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Hydrogen Sulfide: Effects on the Physiology of Rice Plants and Relation to Straighthead Disease. M. M. Joshi, Department of Plant Pathology, Louisiana State University, Baton Rouge 70803; I. K. A. Ibrahim(2), and J. P. Hollis(3). (2)(3)Department of Plant Pathology, Louisiana State University, Baton Rouge 70803. Phytopathology 65:1165-1170. Accepted for publication 16 May 1975. DOI: 10.1094/Phyto-65-1165.

Rapid techniques were used for measurements of oxygen release and nutrient uptake of several rice cultivars, and these variables were correlated with plant responses to straighthead and akagare diseases. Straighthead-resistant cultivars had higher oxygen release and lower nutrient absorption, whereas the susceptible cultivars had lower oxygen release and higher nutrient absorption. Oxygen release from three-week-old seedlings of six rice cultivars was inhibited by 0.2, 5.0, and 10.0 µg/ml H2S. Straighthead-resistant cultivars released more oxygen than the straighthead-susceptible cultivars. Hydrogen sulfide at 0.05 µg/ml caused reductions in nutrient uptake of cultivars Dawn and Zenith, whereas cultivars Bluebelle and Saturn were significantly stimulated by this concentration and were unaffected by 0.1 and 0.2 µg/ml H2S. Radiophosphorus uptake of the four cultivars was inhibited by pretreatment with 1.0, 5.0, and 10.0 µg/ml H2S and differentiated in descending order of resistance: Bluebelle, Saturn, Dawn, and Zenith by 0.1 µg/ml H2S. The sulfide theory of straighthead and mild sulfide disease is supported; nutrient uptake and oxygen release by rice seedlings are new tools for evaluating sulfide responses of rice breeding lines.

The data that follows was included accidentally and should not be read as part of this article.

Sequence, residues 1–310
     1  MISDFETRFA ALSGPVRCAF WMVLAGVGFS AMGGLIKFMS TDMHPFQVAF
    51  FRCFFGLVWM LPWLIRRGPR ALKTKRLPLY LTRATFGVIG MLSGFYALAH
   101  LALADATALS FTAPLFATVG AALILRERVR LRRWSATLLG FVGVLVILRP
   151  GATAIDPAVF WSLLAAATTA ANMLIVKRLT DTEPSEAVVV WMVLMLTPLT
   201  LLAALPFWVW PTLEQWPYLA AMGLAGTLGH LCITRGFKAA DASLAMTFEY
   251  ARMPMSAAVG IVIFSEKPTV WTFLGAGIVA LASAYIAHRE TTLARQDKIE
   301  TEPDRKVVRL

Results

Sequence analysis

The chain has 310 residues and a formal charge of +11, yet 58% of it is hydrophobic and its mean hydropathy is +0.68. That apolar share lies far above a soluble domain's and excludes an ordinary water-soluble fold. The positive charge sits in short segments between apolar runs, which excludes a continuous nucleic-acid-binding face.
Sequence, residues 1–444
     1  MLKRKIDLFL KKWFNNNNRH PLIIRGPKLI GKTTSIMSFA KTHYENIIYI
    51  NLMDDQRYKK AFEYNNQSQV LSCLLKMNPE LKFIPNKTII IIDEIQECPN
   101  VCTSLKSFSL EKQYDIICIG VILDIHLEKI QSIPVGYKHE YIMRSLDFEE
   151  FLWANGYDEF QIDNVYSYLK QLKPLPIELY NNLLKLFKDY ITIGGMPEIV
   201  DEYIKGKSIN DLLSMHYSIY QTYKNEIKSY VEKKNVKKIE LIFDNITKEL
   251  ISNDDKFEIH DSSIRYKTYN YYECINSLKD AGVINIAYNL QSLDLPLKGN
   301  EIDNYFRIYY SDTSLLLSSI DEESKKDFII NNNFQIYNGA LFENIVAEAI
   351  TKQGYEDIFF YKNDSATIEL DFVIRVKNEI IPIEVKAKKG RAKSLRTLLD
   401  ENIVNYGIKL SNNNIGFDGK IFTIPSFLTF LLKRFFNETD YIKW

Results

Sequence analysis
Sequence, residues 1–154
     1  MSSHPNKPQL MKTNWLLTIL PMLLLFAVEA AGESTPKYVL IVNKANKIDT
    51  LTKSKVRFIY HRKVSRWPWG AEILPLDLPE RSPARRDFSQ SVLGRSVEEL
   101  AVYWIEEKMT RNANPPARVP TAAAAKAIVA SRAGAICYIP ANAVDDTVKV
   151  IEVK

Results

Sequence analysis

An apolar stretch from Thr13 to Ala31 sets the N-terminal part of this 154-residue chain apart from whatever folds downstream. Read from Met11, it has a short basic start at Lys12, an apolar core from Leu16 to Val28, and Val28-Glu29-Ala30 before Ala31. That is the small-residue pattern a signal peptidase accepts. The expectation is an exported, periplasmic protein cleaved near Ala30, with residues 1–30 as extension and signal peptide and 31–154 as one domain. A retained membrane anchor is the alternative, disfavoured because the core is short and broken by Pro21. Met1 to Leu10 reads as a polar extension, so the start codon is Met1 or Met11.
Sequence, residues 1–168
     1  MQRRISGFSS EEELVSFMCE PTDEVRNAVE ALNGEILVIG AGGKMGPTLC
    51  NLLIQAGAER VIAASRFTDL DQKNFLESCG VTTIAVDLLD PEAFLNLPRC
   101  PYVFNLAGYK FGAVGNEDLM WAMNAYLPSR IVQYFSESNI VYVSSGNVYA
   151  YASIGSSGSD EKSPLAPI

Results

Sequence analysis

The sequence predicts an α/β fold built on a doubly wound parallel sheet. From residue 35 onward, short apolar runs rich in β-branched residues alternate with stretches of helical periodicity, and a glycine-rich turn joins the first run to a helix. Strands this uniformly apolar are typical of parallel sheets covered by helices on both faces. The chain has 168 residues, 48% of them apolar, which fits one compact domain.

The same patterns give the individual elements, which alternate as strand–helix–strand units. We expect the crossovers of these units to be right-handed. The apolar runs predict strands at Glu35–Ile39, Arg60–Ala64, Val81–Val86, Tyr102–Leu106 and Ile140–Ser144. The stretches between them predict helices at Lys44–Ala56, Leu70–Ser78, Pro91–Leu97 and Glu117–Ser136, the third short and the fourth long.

Additional keywords: akiochi, citrus, conductivity.